A Jonesboro man has been accused of threatening an interracial couple and their children earlier this year.
The Maine attorney general’s office is seeking a civil rights injunction against 52-year-old Dale O’Brien, it announced Wednesday.
On April 11, 2023, the couple — a Black man and white woman — were walking with their two young children and dog along a private road when O’Brien’s wife approached them, saying they could be shot for being on private property, according to the attorney general’s office.
The couple told O’Brien’s wife they had previously walked on the road and received explicit permission from its owner to be there, so they weren’t trespassing.
When the couple exited the road about 20 minutes later, they heard three gunshots from O’Brien’s property, which abuts the private road. He emerged from behind his house and yelled at them to “get out” before allegedly pointing a handgun at them.
O’Brien lowered the gun only after the couple, who are neighbors to O’Brien, took out a cellphone to record the interaction, according to the attorney general’s office.
It wasn’t the first time O’Brien had allegedly threatened the couple.
A month earlier, O’Brien allegedly went into a local hardware store, where he asked for “No Trespassing” signs to deal with “a [racial epithet] problem.” O’Brien proceeded to tell the clerk that he believed the “[racial epithet]” couldn’t read, and so he was going to shoot him if the “problem” continued, according to the attorney general’s office.
He bragged he could shoot the “[racial epithet]” and get away with it, adding that he “should be able to get away with shooting one [racial epithet] as long as he didn’t have to bring him in to tag him,” the attorney general’s office said.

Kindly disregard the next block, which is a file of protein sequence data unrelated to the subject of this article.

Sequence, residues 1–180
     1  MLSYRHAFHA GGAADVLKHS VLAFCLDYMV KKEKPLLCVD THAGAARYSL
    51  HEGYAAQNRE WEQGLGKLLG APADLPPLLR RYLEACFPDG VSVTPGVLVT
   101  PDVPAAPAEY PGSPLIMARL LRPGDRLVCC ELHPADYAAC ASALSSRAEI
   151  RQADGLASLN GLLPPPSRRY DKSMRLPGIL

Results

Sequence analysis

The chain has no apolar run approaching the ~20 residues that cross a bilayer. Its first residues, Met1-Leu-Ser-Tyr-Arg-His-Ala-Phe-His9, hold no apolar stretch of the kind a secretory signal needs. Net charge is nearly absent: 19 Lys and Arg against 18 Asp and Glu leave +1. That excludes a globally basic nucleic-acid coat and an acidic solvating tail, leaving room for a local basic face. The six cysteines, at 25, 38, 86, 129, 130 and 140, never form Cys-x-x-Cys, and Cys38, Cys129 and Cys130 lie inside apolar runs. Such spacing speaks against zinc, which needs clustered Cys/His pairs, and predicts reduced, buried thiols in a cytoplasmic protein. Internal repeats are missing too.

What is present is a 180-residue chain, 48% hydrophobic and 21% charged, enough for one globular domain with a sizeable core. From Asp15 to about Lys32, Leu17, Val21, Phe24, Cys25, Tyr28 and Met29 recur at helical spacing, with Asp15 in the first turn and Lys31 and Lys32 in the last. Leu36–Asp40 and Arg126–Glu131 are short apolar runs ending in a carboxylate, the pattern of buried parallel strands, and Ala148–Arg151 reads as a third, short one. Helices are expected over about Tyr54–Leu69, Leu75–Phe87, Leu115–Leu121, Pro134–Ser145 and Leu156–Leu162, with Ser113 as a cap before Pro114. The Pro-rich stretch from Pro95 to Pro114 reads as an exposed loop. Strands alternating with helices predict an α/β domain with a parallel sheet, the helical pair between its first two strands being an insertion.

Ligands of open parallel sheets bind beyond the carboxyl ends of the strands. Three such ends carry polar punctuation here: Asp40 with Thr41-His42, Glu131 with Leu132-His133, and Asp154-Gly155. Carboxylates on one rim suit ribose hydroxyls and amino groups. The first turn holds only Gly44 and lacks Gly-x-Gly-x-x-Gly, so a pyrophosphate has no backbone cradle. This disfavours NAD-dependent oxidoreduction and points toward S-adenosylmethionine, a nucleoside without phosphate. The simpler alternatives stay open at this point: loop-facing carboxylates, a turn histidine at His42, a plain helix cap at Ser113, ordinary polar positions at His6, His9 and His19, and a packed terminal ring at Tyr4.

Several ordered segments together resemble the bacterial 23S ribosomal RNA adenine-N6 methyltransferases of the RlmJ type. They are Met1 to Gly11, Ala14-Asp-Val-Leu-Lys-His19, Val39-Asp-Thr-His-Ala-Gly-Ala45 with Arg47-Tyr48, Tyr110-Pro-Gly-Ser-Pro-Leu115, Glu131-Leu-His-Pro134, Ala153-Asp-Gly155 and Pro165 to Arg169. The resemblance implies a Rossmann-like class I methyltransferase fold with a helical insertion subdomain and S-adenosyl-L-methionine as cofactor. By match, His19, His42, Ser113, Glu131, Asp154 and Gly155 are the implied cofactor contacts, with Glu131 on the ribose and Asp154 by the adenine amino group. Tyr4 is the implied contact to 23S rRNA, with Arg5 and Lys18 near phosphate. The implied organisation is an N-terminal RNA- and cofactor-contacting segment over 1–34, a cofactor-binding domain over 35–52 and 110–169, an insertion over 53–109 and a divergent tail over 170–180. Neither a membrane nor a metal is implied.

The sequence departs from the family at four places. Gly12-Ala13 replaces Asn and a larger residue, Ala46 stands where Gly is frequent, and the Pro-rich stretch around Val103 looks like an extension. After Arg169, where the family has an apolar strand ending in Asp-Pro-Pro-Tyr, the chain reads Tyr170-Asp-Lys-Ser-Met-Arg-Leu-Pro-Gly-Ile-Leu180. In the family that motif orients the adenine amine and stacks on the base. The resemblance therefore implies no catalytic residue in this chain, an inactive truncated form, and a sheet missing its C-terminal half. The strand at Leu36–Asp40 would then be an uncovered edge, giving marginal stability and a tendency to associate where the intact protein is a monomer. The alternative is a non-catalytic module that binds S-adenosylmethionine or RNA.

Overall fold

O’Brien reportedly boasted about the gun he owned.
The clerk was alarmed by O’Brien’s statements and reported him to the Washington County Sheriff’s Office.
If obtained, the civil rights injunction would bar O’Brien from having any contact with the Black man.
The attorney general’s office didn’t identify the couple.
“There is absolutely no place in Maine for this type of behavior. A young couple walking with their children down a road they had an express right to be on should be free from the ignorant, dangerous behavior we allege the defendant subjected them to. No one should be targeted by threats of violence based on their race and my office will actively confront racist threats in our communities,” Attorney General Frey said in a statement.
Under the Maine Civil Rights Act, the attorney general can take action against any person who uses or threatens physical force, violence or property damage against another person based upon their race, color, religion, sex, ancestry, national origin, physical or mental disability, sexual orientation or gender identity.
A knowing violation of an order issued under the Maine Civil Rights Act is a Class D crime punishable by up to 364 days in jail and a $2,000 fine.
That comes weeks after the attorney general obtained a civil rights injunction against a Portland man accused of harassing and threatening two Black women and announced it was pursuing a similar action against a Florida woman accused of using racial slurs and threatening an Asian-American woman in Kennebunkport in June.